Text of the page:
Durable Goods Orders (MoM) (US)
Event Date: Wednesday, August 25, 2021
Event Time: 12:30 CET
Updated Wednesday, August 25, 2021
Durable goods orders were pretty volatile last year. In September, durables posted a big decline of 1.2%, while core orders declined by 0.4%, but they reversed higher in October, growing by 0.6%, which were both revised to 0.5% though. November's report showed a big decline of 2.0% for headline orders, which were revised to -2.1% last week, but at least, core orders only declined by 0.1%. In December, headline orders jumped strongly by 2.4%, but core orders declined by 0.1% once again. In January though, headline orders declined by 0.2%, while core orders jumped 0.8% higher. But, in March we saw a massive decline of 14.7% in headline orders, although core orders only declined by 0.4%. But, the decline increased in April during the peak of the lock-down and orders fell by 17.7%, while core orders declined by 7.7%. Although, headline orders posted a decent jump of 15.7% in May, but core orders only increased by 3.7% that month and by 3.6% in June, while headline orders increased by 7.6%. July was another strong number, with orders jumping by 11.2%, which were revised higher to 11.2%, but in August orders fell to 0.4%, but were revised to 0.5% last week. In September though orders increased by 1.9%, while in October they jumped by 1.3%. In November they cooled off but turned higher again in December and in January, although they posted a decline for February. We saw another decline in April, but since then sales have been positive. Please follow us for live coverage of this event by experienced market analysts.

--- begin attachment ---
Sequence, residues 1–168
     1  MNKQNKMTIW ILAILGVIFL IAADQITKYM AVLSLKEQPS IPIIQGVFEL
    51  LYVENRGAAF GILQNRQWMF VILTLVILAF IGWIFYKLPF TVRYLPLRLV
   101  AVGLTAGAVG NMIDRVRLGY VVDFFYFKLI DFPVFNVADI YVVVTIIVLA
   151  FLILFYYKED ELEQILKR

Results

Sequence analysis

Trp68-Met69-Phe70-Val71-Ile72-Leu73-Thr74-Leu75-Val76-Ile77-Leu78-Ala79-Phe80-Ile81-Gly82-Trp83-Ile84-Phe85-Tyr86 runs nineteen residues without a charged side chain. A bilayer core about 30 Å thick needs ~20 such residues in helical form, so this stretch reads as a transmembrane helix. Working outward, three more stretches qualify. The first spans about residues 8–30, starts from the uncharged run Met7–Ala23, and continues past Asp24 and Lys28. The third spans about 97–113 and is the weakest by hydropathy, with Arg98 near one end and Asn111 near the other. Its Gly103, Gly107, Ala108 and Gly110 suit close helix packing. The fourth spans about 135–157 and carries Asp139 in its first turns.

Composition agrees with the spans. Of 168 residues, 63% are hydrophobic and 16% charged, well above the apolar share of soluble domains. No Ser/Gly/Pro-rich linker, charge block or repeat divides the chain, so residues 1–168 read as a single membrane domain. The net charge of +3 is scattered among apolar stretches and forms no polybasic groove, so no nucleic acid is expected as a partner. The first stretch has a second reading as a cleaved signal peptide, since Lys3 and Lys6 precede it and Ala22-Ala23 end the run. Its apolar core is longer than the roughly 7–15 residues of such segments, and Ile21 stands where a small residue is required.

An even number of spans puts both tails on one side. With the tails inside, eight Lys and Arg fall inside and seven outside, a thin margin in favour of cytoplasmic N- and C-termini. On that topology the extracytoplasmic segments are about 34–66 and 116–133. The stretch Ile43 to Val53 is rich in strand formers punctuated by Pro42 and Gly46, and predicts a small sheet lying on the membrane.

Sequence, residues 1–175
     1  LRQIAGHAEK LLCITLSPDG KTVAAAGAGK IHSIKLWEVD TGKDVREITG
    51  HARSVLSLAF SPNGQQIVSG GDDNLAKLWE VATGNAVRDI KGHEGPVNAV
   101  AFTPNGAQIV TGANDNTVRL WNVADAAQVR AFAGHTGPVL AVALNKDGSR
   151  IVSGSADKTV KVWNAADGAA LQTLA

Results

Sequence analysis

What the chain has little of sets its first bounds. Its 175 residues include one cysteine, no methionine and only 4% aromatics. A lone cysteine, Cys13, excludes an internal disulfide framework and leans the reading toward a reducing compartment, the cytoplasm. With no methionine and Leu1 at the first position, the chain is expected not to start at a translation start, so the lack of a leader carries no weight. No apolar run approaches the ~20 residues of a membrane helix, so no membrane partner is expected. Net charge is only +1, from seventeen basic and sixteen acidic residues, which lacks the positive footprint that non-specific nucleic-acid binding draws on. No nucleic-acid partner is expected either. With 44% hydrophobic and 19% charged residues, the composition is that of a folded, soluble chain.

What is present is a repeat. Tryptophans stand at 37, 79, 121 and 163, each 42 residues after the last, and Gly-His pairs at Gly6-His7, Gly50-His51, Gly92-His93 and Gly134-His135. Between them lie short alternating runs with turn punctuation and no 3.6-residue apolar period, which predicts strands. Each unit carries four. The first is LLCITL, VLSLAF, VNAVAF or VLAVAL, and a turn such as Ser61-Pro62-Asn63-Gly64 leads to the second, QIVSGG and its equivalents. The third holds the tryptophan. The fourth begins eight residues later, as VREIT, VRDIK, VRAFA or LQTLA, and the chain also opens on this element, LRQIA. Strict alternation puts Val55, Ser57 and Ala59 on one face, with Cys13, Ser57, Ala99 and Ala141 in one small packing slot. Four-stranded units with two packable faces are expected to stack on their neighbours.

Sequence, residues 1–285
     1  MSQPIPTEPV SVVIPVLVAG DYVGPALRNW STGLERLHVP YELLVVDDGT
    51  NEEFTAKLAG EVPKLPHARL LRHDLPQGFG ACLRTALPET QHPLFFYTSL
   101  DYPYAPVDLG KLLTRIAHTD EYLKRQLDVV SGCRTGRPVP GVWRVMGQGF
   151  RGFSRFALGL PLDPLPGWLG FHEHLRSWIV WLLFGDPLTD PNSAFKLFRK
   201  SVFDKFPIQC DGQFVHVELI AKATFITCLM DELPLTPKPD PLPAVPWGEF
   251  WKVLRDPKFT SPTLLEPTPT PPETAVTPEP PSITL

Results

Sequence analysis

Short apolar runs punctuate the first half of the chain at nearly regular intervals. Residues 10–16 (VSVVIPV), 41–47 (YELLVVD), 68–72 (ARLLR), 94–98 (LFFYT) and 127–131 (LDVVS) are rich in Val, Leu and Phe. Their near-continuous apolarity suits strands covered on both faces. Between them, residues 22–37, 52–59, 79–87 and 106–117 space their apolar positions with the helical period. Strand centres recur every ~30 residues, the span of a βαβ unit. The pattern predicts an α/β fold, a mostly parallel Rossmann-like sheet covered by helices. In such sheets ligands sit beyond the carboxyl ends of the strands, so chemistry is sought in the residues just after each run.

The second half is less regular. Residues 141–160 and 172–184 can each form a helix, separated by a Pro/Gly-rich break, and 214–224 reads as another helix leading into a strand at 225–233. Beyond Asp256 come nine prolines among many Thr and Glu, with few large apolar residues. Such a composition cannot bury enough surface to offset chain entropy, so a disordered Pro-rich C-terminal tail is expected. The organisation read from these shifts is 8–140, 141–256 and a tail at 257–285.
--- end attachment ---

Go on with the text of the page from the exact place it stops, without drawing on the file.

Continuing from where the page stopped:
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About Durable Goods Orders (MoM) (US)
Released by the U.S. Census Bureau, Durable Goods Orders are published on a monthly basis. The report measures the dollar value of orders received by manufacturers for goods lasting three years or more. Examples are motor vehicles and large household appliances.Durable goods involve a larger than normal capital investment. It is due to this fact that they are viewed as being accurate barometers of consumer confidence and spending levels. Higher than expected levels are viewed as bullish for the USD, while underperforming metrics are bearish.